Chris Woods, son of civil rights leader Bishop Calvin Woods, has announced his candidacy for Mayor of Birmingham.
Woods, President and CEO of CW Woods Contracting, said his platform centers around “rubber-meets-the-road solutions” and bringing citizens of Birmingham together.
“I’m uniting people from all walks of life, from Democrats, Independents, Republicans, Libertarians, neighborhood leaders and [nonprofit] organizations, to come together to achieve uncommon results,” he said.
The election is Aug. 22. Birmingham Mayor William Bell and Board of Education Member Randall Woodfin are among those who have already announced.
Woods, 54, said his experiences as a student at Parker High School and Auburn University, where he received a degree in education and played on the football team, have shaped his platform, which revolves around reforming the city’s schools. If students are given more opportunities, the city’s crime rate will decrease, he said.
“Ninety percent of the crime committed in this city is committed by young black boys,” he said. “We have to have crime prevention and [understand] the cause of why those young men seem to have no value on life [and] no respect,” he said. “[A]s a young man their age, I was full of dreams and promise [and] so are they. We have to make it our responsibility to let them see themselves. What it’s going to take [is]…revamping the character of education[.]”
Part of Woods’ revitalization plan includes creating a “world class technical training center” to allow teenagers who aren’t college-bound to learn a trade.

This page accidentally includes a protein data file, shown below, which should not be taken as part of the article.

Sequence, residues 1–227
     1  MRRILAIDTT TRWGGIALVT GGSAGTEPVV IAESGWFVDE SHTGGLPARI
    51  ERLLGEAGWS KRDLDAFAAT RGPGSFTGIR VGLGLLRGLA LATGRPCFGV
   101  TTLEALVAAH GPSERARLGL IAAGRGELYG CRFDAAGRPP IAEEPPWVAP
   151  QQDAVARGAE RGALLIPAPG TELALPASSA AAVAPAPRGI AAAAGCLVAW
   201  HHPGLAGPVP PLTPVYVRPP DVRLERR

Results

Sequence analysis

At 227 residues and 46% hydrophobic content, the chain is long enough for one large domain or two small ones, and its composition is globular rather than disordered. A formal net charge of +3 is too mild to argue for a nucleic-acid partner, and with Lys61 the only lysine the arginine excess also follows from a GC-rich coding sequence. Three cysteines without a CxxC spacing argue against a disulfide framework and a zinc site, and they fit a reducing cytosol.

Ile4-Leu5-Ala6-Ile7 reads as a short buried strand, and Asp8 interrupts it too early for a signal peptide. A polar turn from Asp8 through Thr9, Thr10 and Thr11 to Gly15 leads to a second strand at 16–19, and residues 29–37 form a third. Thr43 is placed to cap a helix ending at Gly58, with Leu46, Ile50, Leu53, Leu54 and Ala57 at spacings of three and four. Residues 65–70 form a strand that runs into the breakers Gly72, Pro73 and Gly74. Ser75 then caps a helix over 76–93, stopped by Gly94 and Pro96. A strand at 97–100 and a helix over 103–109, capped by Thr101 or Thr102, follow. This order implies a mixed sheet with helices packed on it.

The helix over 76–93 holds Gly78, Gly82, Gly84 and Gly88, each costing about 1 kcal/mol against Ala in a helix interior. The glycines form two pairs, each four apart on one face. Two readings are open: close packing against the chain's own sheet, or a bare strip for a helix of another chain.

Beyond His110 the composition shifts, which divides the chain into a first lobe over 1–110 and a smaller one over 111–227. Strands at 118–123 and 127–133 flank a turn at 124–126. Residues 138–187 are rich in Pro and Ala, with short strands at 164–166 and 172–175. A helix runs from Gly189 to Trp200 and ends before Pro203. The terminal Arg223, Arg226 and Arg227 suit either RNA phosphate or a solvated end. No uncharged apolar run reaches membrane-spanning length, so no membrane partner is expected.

“I received a great education,” he said. “I was already a printer by the 11th grade. [There was] area vocation in the schools, and I was working at Hall Printing Service on Saturdays, volunteering [to print] church programs [and] raffle tickets.” Many of his high school classmates have gone on to have successful careers from the trades they learned in school, Woods said.
Woods sued the city in 2013 after being terminated from three major projects. He won a $2.58 million judgment in 2015.
If elected, Woods said he would provide more financial resources to the Birmingham School Board as well as “lock arms” with the board to create a better education system.
Woods’ other component to crime prevention includes retaining more senior police officers and filling employee vacancies within the Birmingham Police Department.
“[We’ve] got to fill those,” he said. “That’s got to be reflected as a priority in the budget. Public safety is first.”
Woods would also like to help black businesses in the city. “I would consider my administration a failure if we don’t have a minimum of 20 people on their way to [becoming] millionaires,” he said.
Other portions of his agenda also include bringing the Birmingham Water Works, back under the leadership of the City of Birmingham, as well as set a two-term limit for the role of Mayor.
“As the Mayor of Birmingham, nobody can stop me from doing that,” he said, adding that a consecutive two-term limit “will alleviate some of this cronyism, in my opinion[.]”